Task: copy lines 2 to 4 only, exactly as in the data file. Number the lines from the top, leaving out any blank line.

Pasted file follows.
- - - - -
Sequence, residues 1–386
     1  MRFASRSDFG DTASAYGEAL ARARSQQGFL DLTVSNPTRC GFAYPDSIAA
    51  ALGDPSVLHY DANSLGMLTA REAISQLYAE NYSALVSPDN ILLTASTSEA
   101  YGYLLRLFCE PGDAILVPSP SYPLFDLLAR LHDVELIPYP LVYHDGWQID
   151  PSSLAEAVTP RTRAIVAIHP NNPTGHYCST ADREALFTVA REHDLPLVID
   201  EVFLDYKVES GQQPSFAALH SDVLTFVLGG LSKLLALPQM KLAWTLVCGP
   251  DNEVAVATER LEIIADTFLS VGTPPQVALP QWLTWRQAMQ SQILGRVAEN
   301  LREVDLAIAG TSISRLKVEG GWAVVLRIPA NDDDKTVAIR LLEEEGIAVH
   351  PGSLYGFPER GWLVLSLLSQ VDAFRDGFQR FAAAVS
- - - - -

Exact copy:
     1  MRFASRSDFG DTASAYGEAL ARARSQQGFL DLTVSNPTRC GFAYPDSIAA
    51  ALGDPSVLHY DANSLGMLTA REAISQLYAE NYSALVSPDN ILLTASTSEA
   101  YGYLLRLFCE PGDAILVPSP SYPLFDLLAR LHDVELIPYP LVYHDGWQID